suspending timing for said operation by removing said identification of said operation from the defined list after said storing of said representation.

3. The method in accordance with claim 2, wherein timing of said operation is recommenced after said suspension, comprising the further apparatus steps of retrieving said representation of said calculated portion of said prescribed interval,

ascertaining a particular one of said lists to be processed at the termination of said calculated portion of said prescribed interval, and

recommencing timing of said operation by again storing said identification of said operation in the ascertained list, said determining, processing, and updating steps being successively repeated at said predetermined equal time intervals after said identification is again stored.

4. In a system having a plurality of service circuits and a stored program processor including a memory for supervising the operation of said system, wherein a portion of said processor memory is allocated for a plurality of service circuit registers corresponding to said service circuits, a plurality of head cells, each identifying a timing list of said registers, and a word updated at predetermined equal time intervals to identify the head cell of the next list to be processed, a method for controlling apparatus to mark said memory to enable said processor to time an operation of a given service circuit in accordance with a timing request specifying a time interval, comprising the apparatus steps of storing time interval data in the register corresponding to said given service circuit in accordance with said timing request,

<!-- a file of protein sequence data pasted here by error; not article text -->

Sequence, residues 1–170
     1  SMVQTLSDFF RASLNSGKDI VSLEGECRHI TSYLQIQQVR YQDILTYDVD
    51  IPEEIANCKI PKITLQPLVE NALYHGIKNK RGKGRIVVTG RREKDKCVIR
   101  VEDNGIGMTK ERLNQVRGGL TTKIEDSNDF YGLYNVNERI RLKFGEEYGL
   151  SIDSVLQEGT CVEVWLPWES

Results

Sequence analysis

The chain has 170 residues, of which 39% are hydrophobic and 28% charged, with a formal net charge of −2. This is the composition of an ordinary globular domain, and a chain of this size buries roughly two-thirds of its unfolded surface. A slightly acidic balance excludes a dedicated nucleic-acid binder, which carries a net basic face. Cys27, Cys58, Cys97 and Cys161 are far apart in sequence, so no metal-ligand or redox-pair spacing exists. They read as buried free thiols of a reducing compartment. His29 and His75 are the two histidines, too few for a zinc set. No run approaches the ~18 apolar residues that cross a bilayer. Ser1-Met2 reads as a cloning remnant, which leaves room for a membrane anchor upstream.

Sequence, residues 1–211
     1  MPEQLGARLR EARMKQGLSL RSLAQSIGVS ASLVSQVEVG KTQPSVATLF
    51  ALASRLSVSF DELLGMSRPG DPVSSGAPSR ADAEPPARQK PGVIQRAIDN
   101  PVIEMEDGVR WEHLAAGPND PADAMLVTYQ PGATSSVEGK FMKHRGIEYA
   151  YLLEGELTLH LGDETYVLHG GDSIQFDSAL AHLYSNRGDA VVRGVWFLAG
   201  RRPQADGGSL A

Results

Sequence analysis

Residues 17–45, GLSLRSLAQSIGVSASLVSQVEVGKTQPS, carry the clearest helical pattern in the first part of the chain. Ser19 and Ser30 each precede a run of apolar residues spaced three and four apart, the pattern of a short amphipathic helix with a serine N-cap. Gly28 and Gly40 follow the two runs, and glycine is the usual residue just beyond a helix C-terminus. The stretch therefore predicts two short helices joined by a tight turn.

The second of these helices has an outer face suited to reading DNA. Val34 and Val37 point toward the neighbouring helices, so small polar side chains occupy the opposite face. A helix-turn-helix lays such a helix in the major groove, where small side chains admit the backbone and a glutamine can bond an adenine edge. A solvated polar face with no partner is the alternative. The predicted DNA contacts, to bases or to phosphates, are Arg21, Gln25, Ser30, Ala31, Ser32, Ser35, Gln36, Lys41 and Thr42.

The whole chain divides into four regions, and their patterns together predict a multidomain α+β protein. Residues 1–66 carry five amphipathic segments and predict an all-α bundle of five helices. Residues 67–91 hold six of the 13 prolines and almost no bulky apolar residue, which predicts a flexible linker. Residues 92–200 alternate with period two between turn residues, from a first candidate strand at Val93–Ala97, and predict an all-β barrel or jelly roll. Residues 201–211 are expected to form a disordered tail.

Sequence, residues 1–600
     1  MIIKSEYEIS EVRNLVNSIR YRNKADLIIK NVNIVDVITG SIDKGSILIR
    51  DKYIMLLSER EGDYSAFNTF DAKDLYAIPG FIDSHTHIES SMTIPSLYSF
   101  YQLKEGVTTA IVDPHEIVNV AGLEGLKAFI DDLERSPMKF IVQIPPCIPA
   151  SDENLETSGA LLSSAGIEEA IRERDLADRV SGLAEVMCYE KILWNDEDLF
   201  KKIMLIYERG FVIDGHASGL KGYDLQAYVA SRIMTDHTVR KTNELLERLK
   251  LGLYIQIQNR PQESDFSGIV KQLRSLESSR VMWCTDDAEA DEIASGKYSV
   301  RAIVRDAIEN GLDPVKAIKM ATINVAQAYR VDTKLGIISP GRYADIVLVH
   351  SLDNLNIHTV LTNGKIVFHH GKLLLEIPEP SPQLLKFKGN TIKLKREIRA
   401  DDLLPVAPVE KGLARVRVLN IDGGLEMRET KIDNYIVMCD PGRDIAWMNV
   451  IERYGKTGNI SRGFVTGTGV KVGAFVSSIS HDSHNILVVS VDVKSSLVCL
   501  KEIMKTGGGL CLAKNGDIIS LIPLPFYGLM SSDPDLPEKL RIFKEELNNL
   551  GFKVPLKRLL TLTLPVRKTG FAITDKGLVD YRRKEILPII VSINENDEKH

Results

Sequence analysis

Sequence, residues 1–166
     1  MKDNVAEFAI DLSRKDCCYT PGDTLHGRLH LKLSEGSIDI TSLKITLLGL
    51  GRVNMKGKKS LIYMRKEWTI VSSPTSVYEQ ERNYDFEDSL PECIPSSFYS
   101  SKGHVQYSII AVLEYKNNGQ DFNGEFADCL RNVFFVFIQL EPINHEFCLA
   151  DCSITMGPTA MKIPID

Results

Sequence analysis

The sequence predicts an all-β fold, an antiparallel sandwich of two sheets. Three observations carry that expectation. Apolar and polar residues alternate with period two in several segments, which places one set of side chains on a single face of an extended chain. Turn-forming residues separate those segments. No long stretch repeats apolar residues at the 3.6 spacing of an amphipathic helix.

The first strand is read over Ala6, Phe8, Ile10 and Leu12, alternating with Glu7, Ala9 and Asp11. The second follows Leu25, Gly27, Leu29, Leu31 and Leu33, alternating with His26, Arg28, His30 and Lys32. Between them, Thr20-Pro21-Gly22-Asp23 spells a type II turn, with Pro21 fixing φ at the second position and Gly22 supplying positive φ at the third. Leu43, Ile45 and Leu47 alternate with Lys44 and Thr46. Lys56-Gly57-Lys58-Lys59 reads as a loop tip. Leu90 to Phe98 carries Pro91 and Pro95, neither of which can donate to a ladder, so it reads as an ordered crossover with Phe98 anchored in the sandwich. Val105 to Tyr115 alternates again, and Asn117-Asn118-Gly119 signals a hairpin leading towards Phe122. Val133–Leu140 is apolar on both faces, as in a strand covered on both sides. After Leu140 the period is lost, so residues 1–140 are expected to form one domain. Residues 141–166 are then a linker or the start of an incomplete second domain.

determining the next list to be processed by examining said word after said storing,

defining, after said determining, in accordance with said time interval data and the determined list, a one of said lists to be processed at the end of said specified time interval,

commencing timing of said specified time interval for said operation of said given service circuit by inserting said register corresponding to said given service circuit in the defined list,

ascertaining the next list to be processed by examining the head cell identified by said word, processing the registers on the ascertained list to recognize the expiration of said specified time interval for said register on the defined list, and updating the contents of said word after said processing to identify a succeeding one of said head cells, said ascertaining, processing, and updating steps being successively repeated at said predetermined equal time intervals. 5. The method in accordance with claim 4, recognize said register corresponding to said given service circuit is removed from said defined list to suspend timing for said register corresponding to said given service circuit during a repetition of said ascertaining, processing, and updating steps, comprising the further apparatus steps of calculating the remaining portion of said specified time interval for said register corresponding to said given service circuit from the contents of said word, an identification of said defined list and said specified time interval data in said register corresponding to said given service circuit,